The Maharaja of Tehri Garhwal is an important man. His kingdom is not necessarily one of great riches or political significance; but one more profound—a regency of stories, culture and myth. The Maharaja’s palace is spectacularly located at Narendra Nagar, about 18 km above Rishikesh, overlooking the Ganga and the lush spread of the Doon valley. The Rawals, or hereditary priests of the Kedar-Badri shrines, high up in the Garhwal Himalayas, gather here every spring to decide the date on which the temples will be reopened after their winter hibernation, making this palace central to the mythos of the area. The building is itself of relatively new vintage, dating back to 1895, when Maharaja Narendra Shah shifted his capital from the high Himalayas to this outcrop overlooking Rishikesh and the Terai forests. The nearby village of Odathali was at this time rechristened Narendra Nagar.
Once a favourite of the Viceroys, Indian royalty and other social elites, the palace and its surrounding grounds are today the property of the world-class luxury spa destination—Ananda in the Himalayas. The current Maharaja Manujendra Shah still owns the main palace precincts, with Ananda managing the palace annexe, including the magnificent Viceregal Suite and the sprawling green grounds.
I arrived there late at night after a gruelling seven-hour drive from Delhi, feeling that I could use all the rejuvenation I could possibly get.The plan was to savour the delights of Ananda, as well as to explore the fascinating lower Himalayan foothills of Tehri Garhwal; often passed over by the average mountaingoer in favour of the more glamorous scenery of the Greater Himalayan Range further north.
The location couldn’t have been better chosen. Ananda stands on a spur of the first wave of thickly forested ridges directly above Rishikesh. By virtue of its position, you get a panoramic view of not only the Ganga as it winds languorously towards the northern plains, but also of the hazy ridges stretching away to the west and east. A few thousand feet below lies the immense carpet-like spread of Rajaji National Park, itself a part of the northern Terai forests that stretch from the foothills of HimachalPradesh in the west, to the plains of Assam in the east. Far to the west, you can see Dehradun, jewel of the Doon valley, and even the lights of Mussoorie on a clear night.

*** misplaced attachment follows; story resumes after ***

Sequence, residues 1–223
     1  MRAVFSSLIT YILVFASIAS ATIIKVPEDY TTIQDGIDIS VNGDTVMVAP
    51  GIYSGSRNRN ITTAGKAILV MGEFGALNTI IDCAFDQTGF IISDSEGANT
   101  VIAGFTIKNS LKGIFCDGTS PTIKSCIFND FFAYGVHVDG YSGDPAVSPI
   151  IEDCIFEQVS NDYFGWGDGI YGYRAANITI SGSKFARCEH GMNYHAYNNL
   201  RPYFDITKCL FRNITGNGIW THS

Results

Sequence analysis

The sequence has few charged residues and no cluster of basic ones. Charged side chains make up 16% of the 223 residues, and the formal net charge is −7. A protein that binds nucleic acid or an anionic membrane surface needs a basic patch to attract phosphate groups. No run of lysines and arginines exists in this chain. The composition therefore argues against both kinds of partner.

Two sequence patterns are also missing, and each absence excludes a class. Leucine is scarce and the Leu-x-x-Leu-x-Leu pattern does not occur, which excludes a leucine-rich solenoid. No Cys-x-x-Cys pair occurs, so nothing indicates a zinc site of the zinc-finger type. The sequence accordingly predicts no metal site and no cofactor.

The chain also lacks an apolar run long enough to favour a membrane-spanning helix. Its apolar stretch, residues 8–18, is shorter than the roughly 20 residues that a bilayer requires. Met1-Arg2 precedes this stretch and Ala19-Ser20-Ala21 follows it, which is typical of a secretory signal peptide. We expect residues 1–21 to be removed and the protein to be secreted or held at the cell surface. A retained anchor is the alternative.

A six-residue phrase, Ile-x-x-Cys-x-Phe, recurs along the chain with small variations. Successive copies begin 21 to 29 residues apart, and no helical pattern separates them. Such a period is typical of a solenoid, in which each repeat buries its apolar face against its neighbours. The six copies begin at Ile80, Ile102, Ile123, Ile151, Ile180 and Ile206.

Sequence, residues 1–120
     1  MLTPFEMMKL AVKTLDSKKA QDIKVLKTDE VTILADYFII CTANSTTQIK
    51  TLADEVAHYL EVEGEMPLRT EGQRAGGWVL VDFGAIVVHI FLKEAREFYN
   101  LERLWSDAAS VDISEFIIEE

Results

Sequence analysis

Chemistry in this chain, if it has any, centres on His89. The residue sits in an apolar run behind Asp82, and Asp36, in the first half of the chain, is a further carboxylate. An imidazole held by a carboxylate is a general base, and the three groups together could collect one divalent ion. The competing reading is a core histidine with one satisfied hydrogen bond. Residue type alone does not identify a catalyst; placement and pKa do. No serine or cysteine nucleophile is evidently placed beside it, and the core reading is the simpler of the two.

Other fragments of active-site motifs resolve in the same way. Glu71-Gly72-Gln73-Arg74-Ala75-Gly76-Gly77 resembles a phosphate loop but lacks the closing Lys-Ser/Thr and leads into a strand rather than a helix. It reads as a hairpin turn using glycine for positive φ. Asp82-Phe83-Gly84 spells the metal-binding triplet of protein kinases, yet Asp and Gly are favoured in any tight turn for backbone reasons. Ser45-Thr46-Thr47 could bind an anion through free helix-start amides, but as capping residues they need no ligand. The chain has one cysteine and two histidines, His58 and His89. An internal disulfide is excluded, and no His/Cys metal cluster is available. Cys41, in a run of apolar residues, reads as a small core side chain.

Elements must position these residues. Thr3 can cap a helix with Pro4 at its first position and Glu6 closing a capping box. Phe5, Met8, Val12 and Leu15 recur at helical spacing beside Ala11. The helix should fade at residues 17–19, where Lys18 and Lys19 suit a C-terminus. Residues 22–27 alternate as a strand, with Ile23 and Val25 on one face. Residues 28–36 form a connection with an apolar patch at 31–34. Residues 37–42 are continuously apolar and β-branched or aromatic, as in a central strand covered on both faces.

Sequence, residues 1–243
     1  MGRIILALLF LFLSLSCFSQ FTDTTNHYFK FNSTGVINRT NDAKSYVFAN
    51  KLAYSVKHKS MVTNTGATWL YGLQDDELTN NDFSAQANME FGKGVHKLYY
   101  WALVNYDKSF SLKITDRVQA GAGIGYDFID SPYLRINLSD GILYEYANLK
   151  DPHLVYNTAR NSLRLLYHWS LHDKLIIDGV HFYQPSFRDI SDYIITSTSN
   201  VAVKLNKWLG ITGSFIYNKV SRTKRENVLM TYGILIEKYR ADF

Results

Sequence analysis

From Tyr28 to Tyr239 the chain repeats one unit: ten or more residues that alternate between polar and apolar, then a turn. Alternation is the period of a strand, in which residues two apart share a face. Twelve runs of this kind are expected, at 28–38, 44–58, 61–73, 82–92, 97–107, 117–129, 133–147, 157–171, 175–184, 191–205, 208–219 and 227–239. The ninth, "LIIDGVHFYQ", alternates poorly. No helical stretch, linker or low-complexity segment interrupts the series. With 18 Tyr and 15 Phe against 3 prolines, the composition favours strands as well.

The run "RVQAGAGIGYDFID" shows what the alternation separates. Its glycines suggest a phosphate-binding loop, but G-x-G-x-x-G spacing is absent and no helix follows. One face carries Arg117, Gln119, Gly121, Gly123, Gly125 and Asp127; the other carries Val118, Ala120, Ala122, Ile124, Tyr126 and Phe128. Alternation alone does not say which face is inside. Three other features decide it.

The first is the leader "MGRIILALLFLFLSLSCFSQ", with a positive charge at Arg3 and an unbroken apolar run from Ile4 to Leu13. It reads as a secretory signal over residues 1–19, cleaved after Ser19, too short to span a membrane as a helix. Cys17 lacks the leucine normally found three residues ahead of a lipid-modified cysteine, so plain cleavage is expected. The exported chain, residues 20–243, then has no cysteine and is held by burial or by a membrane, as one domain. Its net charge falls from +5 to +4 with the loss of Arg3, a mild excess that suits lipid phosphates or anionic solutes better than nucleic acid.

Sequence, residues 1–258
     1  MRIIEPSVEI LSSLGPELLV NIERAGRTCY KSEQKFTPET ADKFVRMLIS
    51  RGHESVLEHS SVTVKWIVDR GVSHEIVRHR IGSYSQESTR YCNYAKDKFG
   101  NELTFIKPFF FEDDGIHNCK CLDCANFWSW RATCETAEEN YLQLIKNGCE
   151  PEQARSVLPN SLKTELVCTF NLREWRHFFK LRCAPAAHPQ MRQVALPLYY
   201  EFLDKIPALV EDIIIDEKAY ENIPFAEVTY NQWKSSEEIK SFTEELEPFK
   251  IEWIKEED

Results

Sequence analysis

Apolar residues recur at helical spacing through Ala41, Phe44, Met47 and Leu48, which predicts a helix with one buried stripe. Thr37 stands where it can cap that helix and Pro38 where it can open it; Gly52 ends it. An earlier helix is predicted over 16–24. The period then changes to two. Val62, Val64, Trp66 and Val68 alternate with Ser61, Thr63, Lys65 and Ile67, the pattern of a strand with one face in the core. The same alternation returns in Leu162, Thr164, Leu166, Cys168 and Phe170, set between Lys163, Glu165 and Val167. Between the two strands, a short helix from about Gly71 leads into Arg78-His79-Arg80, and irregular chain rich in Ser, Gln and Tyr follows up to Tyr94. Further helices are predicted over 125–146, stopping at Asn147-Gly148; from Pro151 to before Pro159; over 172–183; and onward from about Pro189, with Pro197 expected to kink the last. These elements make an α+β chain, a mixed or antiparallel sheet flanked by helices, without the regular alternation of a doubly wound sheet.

Of all the luxury hotels and resorts that I have visited, Ananda ranks among the best. The staff exudes a genuine warmth and consideration, and will go quite far out of their way to ensure that you have a comfortable stay. The spa has an extensive range of arrangements for different tastes, and I had no trouble at all getting help to do the things that I wanted to do. Ananda is designed to be a holistic retreat, and it fulfills these goals admirably with an excellent staff of masseurs, yoga and Ayurveda experts. What’s more, there’s delectable food to be had that can be made to suit you. Depending on the packages that one would like to avail, as well as any sightseeing one would like to do, the resort makes a detailed itinerary for its patrons.
I set out one morning with my guide Dinesh, to hike to the local temple of Kunjapuri, an old Shakti Peeth (Centre of Power). According to legend, it is here that the breasts of Parvati landed when the god Vishnu cut down her corpse to stop Shiva’s cataclysmic dance of rage. The temple of Kunjapuri is located on a peak looming some 6,000 feet above the Ganges valley, a six to seven km walk from Narendra Nagar. Trekking up through the forests and occasional villages early in the morning is an invigorating experience. Although I have reasonably good mountain feet, I was soon cursing my general lack of fitness and my thoughts were straying to Ananda’s massage centre. But, as Dinesh said, mountains are the best elliptical cross trainers in the world, and soon I was breathing regularly and my thigh muscles gradually ceased screaming.
Coming out of the green cover at the top is an exhilarating experience. Rounding the steepest bend of the ridge directly below the temple steps, you are greeted by a mountain panorama of the kind only Uttarakhand can provide. Behind and below lay the Doon valley, and the North Indian plains under a thick haze. To the west stretched out the unending roll of the lower Himalayas. I could see the gorge that the Ganges sculpts for itself on its way down from Devprayag, the confluence of the Bhagirathi and Alaknanda rivers. In front, going north, lay the waves of ridges that make up the middle Himalayas, rising in a steep gradient until finally the view was arrested by the glittering white wall of the Great Himalayan Range; massive jagged peaks and glacier systems stretching from the borders of Himachal Pradesh in the misty west to the Kumaon region of Uttarakhand in the east.
I have passed through Rishikesh countless times in my travels into the mountains, but never had I imagined that such views existed a mere hour from the town! The temple is a pretty structure painted in warm white and orange. Though the outer structure was built in the early eighties, the inner sanctum and idol look immensely old.
From the highest point to the low, I made my way down Rishikesh. Of great religious interest to the Hindus, as well as the main hub for trekking and rafting in the area, Rishikesh is a fascinating town. Dotted with ashrams belonging to various sects, the Ganges winds its way down from the gorge and flows out onto the plains here. An ancient centre for yoga and Ayurveda, as well as for foreign backpackers looking for a simplified Indian spiritual experience, Rishikesh is a complex melange of sights and sounds that threaten to overwhelm you with sheer detail, until you sit down by the Ganges, close your eyes, and realise that it’s all maya.
–From BT MORE April 2010